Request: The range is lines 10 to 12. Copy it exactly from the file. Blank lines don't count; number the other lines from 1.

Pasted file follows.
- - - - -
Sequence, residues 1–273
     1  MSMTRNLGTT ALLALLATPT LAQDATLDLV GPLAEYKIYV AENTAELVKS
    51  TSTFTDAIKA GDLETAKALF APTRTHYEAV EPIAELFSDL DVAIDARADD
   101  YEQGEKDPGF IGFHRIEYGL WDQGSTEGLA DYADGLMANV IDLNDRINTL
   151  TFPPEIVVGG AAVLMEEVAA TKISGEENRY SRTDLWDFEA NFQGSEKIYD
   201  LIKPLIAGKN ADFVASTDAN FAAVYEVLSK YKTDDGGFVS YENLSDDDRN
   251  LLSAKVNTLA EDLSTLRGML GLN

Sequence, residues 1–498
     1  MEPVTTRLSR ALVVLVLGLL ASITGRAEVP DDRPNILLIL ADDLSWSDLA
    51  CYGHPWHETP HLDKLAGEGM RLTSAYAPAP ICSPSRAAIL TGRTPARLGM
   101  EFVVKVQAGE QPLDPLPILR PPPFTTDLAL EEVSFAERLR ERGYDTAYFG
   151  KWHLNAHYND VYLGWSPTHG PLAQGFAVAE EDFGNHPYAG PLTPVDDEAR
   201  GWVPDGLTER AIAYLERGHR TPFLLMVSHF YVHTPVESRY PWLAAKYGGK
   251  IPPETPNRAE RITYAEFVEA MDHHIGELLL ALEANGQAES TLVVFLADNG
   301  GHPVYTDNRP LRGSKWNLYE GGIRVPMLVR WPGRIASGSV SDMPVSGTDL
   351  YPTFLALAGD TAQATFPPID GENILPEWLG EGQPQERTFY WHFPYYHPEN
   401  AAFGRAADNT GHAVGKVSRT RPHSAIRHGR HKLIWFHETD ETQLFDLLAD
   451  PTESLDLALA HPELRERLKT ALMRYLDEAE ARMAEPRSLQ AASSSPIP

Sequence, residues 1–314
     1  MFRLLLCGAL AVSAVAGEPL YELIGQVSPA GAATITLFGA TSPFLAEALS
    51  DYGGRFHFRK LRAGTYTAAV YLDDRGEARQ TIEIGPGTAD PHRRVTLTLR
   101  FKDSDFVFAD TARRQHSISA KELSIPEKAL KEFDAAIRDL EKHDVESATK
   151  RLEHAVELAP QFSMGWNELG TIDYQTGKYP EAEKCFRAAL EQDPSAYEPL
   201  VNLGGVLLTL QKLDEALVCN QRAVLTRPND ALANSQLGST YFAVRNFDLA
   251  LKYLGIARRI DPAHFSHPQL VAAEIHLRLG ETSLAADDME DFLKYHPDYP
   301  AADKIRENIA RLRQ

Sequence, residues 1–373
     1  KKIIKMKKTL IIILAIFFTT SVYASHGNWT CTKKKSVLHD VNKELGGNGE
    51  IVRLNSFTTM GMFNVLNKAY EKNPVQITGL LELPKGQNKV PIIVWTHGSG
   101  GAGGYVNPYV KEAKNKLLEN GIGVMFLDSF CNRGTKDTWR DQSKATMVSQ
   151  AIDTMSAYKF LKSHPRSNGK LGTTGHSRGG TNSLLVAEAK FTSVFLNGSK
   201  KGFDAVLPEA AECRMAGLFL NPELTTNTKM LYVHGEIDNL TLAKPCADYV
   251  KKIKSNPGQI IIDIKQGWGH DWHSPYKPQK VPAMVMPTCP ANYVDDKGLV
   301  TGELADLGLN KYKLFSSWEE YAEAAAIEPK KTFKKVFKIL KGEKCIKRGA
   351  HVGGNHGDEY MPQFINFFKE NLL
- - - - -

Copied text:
    51  CYGHPWHETP HLDKLAGEGM RLTSAYAPAP ICSPSRAAIL TGRTPARLGM
   101  EFVVKVQAGE QPLDPLPILR PPPFTTDLAL EEVSFAERLR ERGYDTAYFG
   151  KWHLNAHYND VYLGWSPTHG PLAQGFAVAE EDFGNHPYAG PLTPVDDEAR